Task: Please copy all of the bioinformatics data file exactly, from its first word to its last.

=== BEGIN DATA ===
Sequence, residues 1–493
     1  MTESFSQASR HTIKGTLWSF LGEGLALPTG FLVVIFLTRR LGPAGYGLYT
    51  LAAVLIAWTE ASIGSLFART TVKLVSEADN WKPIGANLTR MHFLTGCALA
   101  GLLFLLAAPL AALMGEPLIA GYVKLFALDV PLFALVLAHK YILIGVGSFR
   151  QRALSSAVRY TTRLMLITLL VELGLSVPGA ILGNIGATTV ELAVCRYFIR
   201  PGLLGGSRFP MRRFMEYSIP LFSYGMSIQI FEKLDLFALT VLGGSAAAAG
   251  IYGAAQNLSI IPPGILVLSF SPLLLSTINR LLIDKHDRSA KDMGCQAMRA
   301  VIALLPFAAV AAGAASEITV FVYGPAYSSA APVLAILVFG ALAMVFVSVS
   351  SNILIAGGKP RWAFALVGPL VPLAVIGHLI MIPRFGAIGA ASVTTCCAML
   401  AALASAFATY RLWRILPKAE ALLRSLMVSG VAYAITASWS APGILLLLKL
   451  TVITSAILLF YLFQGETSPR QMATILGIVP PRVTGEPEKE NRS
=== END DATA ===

Sequence, residues 1–493
     1  MTESFSQASR HTIKGTLWSF LGEGLALPTG FLVVIFLTRR LGPAGYGLYT
    51  LAAVLIAWTE ASIGSLFART TVKLVSEADN WKPIGANLTR MHFLTGCALA
   101  GLLFLLAAPL AALMGEPLIA GYVKLFALDV PLFALVLAHK YILIGVGSFR
   151  QRALSSAVRY TTRLMLITLL VELGLSVPGA ILGNIGATTV ELAVCRYFIR
   201  PGLLGGSRFP MRRFMEYSIP LFSYGMSIQI FEKLDLFALT VLGGSAAAAG
   251  IYGAAQNLSI IPPGILVLSF SPLLLSTINR LLIDKHDRSA KDMGCQAMRA
   301  VIALLPFAAV AAGAASEITV FVYGPAYSSA APVLAILVFG ALAMVFVSVS
   351  SNILIAGGKP RWAFALVGPL VPLAVIGHLI MIPRFGAIGA ASVTTCCAML
   401  AALASAFATY RLWRILPKAE ALLRSLMVSG VAYAITASWS APGILLLLKL
   451  TVITSAILLF YLFQGETSPR QMATILGIVP PRVTGEPEKE NRS